ARC provided by the publisher—Pan Macmillan—in exchange for an honest review.
A Time of Courage by John Gwynne
My rating: 5 of 5 stars
Series: Of Blood and Bone (Book #3 of 3)
Genre: Fantasy, Epic Fantasy
Published: 2nd April 2020 by Pan Macmillan (UK) & 7th April 2020 by Orbit (US)
A Time of Courage is a stunning masterpiece that proved yet again that John Gwynne is a force to be reckoned with; primed and poised to joined the ranks of the greatest fantasy authors.
By now, you would’ve already seen my co-bloggers’ raving reviews for A Time of Courage. Believe me, every single word and praise heaped upon this book was warranted and well-deserved. We pretty much read the e-ARC together the moment it was made available and spent a lot of time screaming at each other over our Whatsapp group chat whenever we encountered an ‘OMG’ moment – which was plenty. I challenge anyone to make sense of our chat transcript because it was a whole lot of incoherent ramblings and outpouring of emotions.
“We are just people, all of us the same. Flawed, fragile, stubborn, angry, happy. And life treats no one differently. We are born, and we live, and then we die. It’s what we do while we are here that counts. And if we can be called friend, then we are lucky indeed.”
As I’ve mentioned in my review for A Time of Blood, I felt that my enjoyment of this sophomore trilogy had so far been primarily attributed to nostalgia; emotions triggered by the commemoration of the main characters from The Faithful and The Fallen. I’m glad to say that I felt differently in this concluding volume. Not because I lost the nostalgic sentiment – far from it, it was heightened and enhanced to even greater levels in this book. What happened was that I finally started to be utterly invested in the protagonist characters and the outcome of the almost insurmountable battle against the Kadoshim and their allies. Gwynne has an uncanny ability to write the most captivating characters, of any race or species. Some of the best ones are indeed the animals, and believe me when I say that I often dread their probable death more than the human characters. The emotional resonance arising from the love and loyalty, friendship and camaraderie between the characters affected me deeply. There were so many moments where I was either struggling to read through hot tears or dreading to know what’s coming next. But there were equally as many moments where my heart would soar and sing, or when my fists would pump in cathartic celebration.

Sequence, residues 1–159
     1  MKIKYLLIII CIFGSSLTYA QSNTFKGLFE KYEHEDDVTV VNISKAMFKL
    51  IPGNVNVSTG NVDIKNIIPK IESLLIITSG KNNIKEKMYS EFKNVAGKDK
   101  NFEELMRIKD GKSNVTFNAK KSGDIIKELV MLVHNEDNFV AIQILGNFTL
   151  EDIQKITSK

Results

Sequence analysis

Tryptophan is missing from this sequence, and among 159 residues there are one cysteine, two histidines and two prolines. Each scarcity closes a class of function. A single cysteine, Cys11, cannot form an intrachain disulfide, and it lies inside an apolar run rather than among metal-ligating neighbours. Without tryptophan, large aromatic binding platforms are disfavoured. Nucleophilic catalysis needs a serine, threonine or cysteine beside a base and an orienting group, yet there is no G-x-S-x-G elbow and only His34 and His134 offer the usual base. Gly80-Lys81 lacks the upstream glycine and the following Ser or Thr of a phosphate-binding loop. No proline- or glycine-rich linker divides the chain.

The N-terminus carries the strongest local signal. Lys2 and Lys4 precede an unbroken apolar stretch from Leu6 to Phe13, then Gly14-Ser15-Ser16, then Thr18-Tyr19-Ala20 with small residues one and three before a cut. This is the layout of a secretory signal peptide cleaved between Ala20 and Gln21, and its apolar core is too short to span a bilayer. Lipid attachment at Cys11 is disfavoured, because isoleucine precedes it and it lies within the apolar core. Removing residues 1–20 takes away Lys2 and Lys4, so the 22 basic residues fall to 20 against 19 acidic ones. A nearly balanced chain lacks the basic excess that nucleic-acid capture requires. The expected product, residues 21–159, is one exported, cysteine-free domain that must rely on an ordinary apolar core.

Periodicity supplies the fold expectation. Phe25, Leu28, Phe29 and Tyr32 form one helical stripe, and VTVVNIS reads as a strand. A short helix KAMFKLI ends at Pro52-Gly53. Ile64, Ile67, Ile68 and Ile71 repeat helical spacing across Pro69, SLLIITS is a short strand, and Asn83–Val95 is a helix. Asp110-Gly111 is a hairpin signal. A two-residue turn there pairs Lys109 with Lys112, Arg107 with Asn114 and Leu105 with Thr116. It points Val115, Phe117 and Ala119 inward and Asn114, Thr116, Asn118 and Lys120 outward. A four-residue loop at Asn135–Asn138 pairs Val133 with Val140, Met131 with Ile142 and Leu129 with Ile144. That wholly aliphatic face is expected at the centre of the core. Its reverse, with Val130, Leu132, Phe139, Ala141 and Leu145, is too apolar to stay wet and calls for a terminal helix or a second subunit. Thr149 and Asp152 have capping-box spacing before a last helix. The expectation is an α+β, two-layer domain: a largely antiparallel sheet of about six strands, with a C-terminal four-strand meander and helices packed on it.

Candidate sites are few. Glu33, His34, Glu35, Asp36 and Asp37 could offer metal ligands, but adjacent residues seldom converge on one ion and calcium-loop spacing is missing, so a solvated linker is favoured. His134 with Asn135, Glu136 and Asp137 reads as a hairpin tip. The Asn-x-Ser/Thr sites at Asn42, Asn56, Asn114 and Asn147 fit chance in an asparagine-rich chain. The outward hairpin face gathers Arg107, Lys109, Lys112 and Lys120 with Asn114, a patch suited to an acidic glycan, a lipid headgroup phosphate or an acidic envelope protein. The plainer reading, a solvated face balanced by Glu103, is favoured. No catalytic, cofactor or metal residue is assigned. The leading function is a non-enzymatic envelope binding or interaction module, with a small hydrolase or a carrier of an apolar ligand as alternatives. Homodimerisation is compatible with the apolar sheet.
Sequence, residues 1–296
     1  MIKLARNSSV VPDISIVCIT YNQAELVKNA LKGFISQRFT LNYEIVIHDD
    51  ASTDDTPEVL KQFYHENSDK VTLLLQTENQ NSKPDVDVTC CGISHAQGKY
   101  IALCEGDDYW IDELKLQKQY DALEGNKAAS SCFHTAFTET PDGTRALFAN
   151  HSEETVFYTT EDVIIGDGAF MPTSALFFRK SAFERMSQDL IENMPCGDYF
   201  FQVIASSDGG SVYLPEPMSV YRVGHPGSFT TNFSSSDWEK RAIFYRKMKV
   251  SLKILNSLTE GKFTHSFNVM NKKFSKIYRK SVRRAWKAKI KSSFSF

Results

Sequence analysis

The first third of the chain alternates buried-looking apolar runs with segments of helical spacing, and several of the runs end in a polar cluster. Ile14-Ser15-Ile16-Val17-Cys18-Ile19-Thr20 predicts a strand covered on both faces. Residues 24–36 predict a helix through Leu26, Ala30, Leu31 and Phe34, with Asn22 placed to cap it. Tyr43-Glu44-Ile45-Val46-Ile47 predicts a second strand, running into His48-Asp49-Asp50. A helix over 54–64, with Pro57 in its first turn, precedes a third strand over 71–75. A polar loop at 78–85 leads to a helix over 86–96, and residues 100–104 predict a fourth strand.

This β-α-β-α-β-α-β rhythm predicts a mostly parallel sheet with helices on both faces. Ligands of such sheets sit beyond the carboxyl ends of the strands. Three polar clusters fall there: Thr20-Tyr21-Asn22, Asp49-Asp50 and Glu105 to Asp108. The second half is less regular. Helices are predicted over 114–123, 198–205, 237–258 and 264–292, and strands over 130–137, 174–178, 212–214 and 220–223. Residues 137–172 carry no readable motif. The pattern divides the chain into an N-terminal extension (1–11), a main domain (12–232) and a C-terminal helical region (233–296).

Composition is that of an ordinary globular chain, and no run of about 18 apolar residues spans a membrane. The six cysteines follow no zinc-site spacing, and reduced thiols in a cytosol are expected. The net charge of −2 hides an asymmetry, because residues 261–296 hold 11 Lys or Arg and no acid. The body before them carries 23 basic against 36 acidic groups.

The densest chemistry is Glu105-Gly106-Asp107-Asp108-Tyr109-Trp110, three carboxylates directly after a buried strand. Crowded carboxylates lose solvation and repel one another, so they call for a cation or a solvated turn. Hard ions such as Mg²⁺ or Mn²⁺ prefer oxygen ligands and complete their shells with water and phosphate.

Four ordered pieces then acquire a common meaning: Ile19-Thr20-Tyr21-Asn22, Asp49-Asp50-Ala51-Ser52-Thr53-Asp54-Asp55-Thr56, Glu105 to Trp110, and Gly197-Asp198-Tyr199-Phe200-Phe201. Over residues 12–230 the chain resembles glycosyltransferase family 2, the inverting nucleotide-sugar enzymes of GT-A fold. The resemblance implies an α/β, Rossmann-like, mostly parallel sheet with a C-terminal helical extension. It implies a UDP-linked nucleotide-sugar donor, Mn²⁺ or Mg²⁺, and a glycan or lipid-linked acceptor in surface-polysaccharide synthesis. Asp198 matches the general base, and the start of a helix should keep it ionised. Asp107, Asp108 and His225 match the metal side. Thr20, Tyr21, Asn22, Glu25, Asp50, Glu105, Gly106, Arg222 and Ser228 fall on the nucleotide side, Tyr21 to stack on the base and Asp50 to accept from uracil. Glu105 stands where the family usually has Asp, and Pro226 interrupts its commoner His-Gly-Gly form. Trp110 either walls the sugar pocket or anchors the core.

“Death comes for us all. But we’ll take some of you with us.”
Having read his debut series, I knew that Gwynne never pulls his punches and I approached this finale with the expectation that I would inevitably suffer heartache. I was not wrong, but this is what makes his stories so special for Gwynne never cheapens a character’s death. They all come to mean something, simply because of what they stood for. Truth and courage. Love, loyalty and friendship. As such, the emotional payoff was tremendous. And when the final battle comes to a head, we were gifted with one of the most visually spectacular and emotionally powerful climaxes I’ve ever read. Gwynne utilised his extraordinary skill in writing close combat scenes to great effect. Balancing that with sweeping and wider perspectives, the battle scene was rendered into cinematic brilliance. After dedicating a total of seven (amazing) books to tell the tale of The Banished Lands, this utterly epic climactic battle felt well-earned. It was rewarding and a well-deserved gratification. A brutal yet fond farewell.
“With Truth as my shield, and Courage as my sword, I shall stand against the darkness. From this day on, until the time of my death. This is my oath, sealed with my blood”
A magnificent finale to a phenomenal series of books which started from Malice, I’m certain that A Time of Courage would earn itself a spot in many “Best Reads of The Year” lists (as it would be on mine). It is time to say goodbye to The Banished Lands, but I will look forward eagerly to anything that John Gwynne writes in the future.
The quotes in this review were taken from an ARC and are subject to change upon publication.